# Modified $L^2$ space is a Hilbert space

I'm trying to show that the space ($X$) of measurable functions on $[a,b]$ such that for a fixed, positive, function $h$, and $\forall f \in X$, $\int_a^b |f(x)|^2 h(x) < \infty$ is a Hilbert space with respect to the inner product $\langle f,g \rangle= \int_a^b f(x) {g^*(x)} h(x)dx$.

I'm mainly wondering about showing that this space is complete and separable. I have the corresponding proofs for $L^2([a,b])$ which I could just modify, but I am wondering if there is an easier way to prove this since the space is so similar to $L^2[a,b]$

Alternatively, i.e without considering $L^2$ spaces with respect to measures different from the Lebesgue measure, we can notice that $$X = \left\{f : f. h^{\frac{1}{2}} \in L^{2}[a, b] \right\}$$ and $$\forall f \in X, ||f||_{X} = ||f. h^{\frac{1}{2}}||_{L^{2}}$$ From there, it is not hard to prove that $X$ is both complete and separable.

• For completeness:
Let $(f_{n})_{n \geq 1}$ be a Cauchy sequence in $X$.
Then $\left(f_{n}. h^{\frac{1}{2}}\right)_{n \geq 1}$ is a Cauchy sequence in $L^{2}[a, b]$ and hence, since $L^{2}[a, b]$ is complete, it converges to some $g \in L^{2}[a, b]$ with respect to $||.||_{L^{2}}$.
Therefore, $\frac{g}{h^{\frac{1}{2}}} \in X$ and $(f_{n})_{n \geq 1}$ converges to $\frac{g}{h^{\frac{1}{2}}}$ with respect to $||.||_{X}$.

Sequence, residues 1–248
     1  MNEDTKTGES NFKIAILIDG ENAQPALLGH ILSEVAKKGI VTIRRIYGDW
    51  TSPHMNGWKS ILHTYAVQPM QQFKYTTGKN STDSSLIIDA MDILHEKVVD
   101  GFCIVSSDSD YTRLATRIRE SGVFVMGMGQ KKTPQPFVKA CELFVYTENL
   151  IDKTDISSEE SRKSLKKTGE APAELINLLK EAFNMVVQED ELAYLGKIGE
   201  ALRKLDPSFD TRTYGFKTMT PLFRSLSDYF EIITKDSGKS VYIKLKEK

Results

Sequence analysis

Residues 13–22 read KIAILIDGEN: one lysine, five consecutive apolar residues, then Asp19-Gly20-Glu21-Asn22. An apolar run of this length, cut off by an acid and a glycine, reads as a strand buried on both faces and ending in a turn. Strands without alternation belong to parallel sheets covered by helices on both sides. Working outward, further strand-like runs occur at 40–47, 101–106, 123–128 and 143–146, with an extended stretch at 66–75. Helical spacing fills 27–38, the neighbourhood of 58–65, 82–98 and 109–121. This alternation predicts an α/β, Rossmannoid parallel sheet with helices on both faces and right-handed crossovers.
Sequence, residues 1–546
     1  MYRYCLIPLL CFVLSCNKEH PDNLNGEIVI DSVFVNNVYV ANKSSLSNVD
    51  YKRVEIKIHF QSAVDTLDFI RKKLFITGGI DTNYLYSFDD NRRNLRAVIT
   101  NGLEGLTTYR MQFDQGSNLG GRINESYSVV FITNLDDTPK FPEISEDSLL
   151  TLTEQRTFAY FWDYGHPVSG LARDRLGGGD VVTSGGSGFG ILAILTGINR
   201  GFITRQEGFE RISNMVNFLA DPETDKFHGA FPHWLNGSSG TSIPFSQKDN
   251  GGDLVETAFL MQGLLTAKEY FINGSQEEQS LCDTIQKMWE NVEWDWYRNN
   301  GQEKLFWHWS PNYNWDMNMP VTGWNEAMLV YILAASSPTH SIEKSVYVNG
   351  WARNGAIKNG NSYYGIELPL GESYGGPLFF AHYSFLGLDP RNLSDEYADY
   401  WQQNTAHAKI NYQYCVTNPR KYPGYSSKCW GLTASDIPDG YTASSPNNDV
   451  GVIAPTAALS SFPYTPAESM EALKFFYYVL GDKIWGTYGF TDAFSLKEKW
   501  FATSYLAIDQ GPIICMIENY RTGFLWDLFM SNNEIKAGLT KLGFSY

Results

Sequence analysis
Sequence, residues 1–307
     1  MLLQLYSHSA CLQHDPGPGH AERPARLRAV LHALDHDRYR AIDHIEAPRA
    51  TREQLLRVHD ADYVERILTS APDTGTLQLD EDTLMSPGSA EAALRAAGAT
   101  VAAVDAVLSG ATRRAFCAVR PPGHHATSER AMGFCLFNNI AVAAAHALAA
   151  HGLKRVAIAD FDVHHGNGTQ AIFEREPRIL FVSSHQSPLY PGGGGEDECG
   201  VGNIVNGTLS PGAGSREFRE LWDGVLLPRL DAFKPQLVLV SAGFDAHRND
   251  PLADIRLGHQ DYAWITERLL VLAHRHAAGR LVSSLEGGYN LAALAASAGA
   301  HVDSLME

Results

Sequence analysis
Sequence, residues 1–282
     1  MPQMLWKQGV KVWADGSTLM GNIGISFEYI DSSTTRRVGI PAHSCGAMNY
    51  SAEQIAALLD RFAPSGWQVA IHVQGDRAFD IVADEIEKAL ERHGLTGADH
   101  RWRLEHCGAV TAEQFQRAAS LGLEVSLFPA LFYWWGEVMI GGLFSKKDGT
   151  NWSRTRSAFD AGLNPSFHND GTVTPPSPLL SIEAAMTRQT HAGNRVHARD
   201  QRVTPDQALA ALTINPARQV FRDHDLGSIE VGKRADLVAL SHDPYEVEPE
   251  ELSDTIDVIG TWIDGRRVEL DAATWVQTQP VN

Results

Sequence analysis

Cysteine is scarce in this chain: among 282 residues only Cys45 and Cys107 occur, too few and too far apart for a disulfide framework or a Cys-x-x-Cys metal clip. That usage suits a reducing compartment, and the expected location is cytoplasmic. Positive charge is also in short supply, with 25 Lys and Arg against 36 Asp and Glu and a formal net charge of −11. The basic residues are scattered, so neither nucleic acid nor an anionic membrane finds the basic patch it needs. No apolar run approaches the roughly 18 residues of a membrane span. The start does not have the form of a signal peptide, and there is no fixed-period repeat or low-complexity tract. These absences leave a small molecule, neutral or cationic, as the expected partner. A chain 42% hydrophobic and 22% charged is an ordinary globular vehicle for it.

• $X$ is separable:
Since $L^{2}[a, b]$ is separable, there is a dense sequence $(f_{n})_{n \geq 1}$ in $L^{2}[a, b]$ with respect to $||.||_{L^{2}}$.
Then $\left(\frac{f_{n}}{h^{\frac{1}{2}}}\right)_{n \geq 1}$ is a dense sequence in $X$ with respect to $||.||_{X}$.

• This is not totally true. You just have $X = \{f \mid f \, h^{1/2} \in L^2\}$. $f$ itself may not belong to $L^2$. – gerw May 7 '18 at 15:14
• Thank you for spotting the mistake. I've edited my post. – v_lentin May 7 '18 at 15:19

If you set $\mu (A) =\int_A h(x) dx$ for the all Lebesgue measurable sets $A\subset [a,b],$ then $\mu$ is a positive measure and $$\int_a^b f(x)g^* (x) h(x) dx =\int_{[a,b]} f(t)g(t) \mu (dt)$$ hence the space that you consider becomes a space $L^2 (\mu )$ but all those spaces are complete. Proof of this fact you can find in almost any book of functional analysis.

• What does $L^2(\mu)$ mean? sorry this is a new topic for me – dimebucker May 7 '18 at 13:00